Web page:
Honduras: Demonstrators Push for a New Mining Law

Mid-July in Honduras has been a tumultuous time, as citizens have taken to the streets to make their voices heard in a struggle to gain more legal control over their land and resources and prevent the creation of further open pit mines.

Across Honduras, major demonstrations took place on July 17, 2007, when six major road blockades were erected to protest the possible advancement of a watered down reforms to the General Mining Law. Although the demonstrations were peaceful, and included priests, peasants and journalists, police violently removed people blockading in the 6 de Mayo neighborhood and in Siguatepeque.

According to a press release by the Civic Alliance for Democracy, one of the groups behind the July 17th actions, “Repression included beatings, tear gas, high pressure water, and, more seriously, the use of guns, leaving dozens of people wounded and/or detained. Furthermore, police confiscated photographic and video cameras used to capture images of the abuse of authority.” Fifty-nine people were arrested and released without charge, and 17 demonstrators and one police officer were injured.

In October of 2006, 13 articles of the General Mining Law of Honduras were found to be unconstitutional by the Supreme Court. Reforms to the law which have been proposed are widely considered to be too weak, and a central demand on July 17th was that the proposed reforms to the mining law currently on the table be withdrawn and that the General Mining Law be rewritten completely.

Demonstrators were demanding that the new mining law ban open pit and metallic mining, revoke mining permits from companies who are contaminating the natural environment and cancel concessions in national parks and reserves.

Canadian companies operating active mines in Honduras include Yamana Gold, who operates the open pit, heap leach San Andrés gold mine in the department of Copán, Breakwater Resources, who operate a lead/copper/gold mine known as El Mochito in the Northeast of the country, and Goldcorp, who acquired the controversial San Martin mine from Glamis Gold in 2006.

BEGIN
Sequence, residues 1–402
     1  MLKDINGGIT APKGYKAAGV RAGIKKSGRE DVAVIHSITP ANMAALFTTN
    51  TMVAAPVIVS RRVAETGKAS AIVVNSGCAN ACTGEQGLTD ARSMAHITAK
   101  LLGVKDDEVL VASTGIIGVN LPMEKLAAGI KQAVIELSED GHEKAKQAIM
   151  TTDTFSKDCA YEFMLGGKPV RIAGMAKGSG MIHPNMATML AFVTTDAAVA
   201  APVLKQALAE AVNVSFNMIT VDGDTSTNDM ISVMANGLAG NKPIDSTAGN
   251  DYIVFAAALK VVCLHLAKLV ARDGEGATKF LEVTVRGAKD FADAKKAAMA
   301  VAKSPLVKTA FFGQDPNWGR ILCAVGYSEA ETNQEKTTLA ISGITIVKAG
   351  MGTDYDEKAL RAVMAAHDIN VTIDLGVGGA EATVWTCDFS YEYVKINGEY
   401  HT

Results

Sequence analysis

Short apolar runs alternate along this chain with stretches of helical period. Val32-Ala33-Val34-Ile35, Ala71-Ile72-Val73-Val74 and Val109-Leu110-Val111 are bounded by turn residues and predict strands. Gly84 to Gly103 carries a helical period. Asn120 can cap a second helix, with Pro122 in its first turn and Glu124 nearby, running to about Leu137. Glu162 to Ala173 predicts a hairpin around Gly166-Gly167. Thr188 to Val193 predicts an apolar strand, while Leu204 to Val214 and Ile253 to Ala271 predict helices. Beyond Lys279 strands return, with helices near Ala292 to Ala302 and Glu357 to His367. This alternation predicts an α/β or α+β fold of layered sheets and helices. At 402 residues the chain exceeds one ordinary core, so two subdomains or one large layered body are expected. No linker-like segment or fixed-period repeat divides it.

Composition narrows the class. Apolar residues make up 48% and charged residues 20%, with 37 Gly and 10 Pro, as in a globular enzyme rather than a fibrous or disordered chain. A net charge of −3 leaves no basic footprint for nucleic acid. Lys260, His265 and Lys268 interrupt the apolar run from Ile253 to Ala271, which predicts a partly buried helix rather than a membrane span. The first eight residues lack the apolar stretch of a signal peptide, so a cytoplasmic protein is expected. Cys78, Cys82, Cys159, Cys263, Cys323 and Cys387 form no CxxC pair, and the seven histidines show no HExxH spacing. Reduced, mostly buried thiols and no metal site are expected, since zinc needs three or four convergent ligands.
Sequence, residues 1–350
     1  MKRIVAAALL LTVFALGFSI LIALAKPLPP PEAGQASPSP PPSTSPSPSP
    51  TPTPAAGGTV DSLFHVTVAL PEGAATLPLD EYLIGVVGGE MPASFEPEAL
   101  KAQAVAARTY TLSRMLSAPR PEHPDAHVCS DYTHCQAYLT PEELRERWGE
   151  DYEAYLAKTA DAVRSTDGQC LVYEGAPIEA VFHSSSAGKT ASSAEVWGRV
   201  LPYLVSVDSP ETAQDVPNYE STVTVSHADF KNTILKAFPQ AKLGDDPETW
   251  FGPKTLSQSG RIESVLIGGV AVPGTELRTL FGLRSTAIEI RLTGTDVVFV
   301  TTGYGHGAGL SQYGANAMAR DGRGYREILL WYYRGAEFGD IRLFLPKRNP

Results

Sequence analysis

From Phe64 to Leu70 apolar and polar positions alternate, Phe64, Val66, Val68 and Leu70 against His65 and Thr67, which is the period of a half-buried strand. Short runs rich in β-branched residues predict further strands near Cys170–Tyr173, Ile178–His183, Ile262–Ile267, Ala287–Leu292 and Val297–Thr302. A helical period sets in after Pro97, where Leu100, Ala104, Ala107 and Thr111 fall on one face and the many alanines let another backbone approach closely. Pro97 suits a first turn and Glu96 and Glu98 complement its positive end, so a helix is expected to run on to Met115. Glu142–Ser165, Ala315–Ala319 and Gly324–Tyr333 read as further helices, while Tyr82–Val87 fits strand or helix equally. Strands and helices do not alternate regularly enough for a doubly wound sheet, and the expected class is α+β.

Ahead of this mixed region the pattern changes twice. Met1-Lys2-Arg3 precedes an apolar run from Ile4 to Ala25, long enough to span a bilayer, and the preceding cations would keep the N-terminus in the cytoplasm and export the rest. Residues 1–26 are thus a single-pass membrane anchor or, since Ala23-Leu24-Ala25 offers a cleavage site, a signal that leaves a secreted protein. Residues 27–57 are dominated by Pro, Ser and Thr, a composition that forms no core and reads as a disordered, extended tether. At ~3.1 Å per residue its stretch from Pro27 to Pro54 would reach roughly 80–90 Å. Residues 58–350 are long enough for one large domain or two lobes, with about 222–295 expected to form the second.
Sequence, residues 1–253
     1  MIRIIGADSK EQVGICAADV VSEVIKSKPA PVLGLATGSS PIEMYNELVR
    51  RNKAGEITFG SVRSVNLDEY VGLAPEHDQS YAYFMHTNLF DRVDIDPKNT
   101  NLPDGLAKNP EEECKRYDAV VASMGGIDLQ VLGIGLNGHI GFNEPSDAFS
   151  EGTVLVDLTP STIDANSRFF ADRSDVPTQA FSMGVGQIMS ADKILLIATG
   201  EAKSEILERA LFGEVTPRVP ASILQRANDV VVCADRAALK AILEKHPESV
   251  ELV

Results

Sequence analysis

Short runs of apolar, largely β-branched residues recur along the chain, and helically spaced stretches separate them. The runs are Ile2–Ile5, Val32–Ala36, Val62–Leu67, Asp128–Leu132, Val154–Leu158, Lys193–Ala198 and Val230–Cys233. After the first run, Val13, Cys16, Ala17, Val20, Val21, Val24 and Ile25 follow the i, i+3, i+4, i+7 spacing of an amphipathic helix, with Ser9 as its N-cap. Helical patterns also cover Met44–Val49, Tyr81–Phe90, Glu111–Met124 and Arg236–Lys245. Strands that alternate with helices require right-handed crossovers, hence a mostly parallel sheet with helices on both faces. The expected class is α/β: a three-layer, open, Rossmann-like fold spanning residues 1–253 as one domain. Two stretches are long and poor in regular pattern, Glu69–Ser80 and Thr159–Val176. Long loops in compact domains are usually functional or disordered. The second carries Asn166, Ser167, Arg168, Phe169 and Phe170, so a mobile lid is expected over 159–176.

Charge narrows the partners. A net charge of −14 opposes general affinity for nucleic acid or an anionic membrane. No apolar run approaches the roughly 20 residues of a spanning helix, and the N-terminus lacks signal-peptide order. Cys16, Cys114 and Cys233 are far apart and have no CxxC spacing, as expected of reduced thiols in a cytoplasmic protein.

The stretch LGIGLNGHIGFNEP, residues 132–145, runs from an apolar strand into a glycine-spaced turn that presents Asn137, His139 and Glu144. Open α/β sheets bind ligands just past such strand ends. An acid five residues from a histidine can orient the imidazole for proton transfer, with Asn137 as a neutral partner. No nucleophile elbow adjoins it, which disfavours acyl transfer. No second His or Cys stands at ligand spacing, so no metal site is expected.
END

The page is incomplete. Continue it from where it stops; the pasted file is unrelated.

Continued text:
The San Martin mine is an open pit, heap leach operation which has been in operation since 2001. Goldcorp reports that more than 529,088 ounces of gold have been extracted at the San Martin mine since that time.

Residents in the Siria Valley, where the mine is located, are experiencing what some have termed a “public health crisis” due to the mining operation.

Sandra Cuffe, who works with Rights Action and has lived in Honduras for the last four years, visited Ottawa in June and said that “reoccuring skin problems are the main issue, there are respiratory problems, in the communities closest to the mine there have been high rates of miscarriage, birth defects – especially in Palo Ralo, the community that was relocated by the company.”

In addition to health problems, according to Cuffe, “the local economy has taken a huge hit.” She explains that because of water shortages caused by the mining operation, “what the farmers in the Siria Valley used to export in agricultural products to Tegucigalpa, today has to be bought from the city and brought back to the Siria Valley.”

Local organizing in the Siria Valley, particularly by environmental groups, has contributed greatly to the national level movement rejecting large-scale metal mining in Honduras.

Luis Alfonso Santos, the Bishop of Copán, has stated that “The poor come first. The law should prevent further open pit mining, and it should be adopted without any bloodshed.”

The people have spoken. It remains to be seen how the government will act.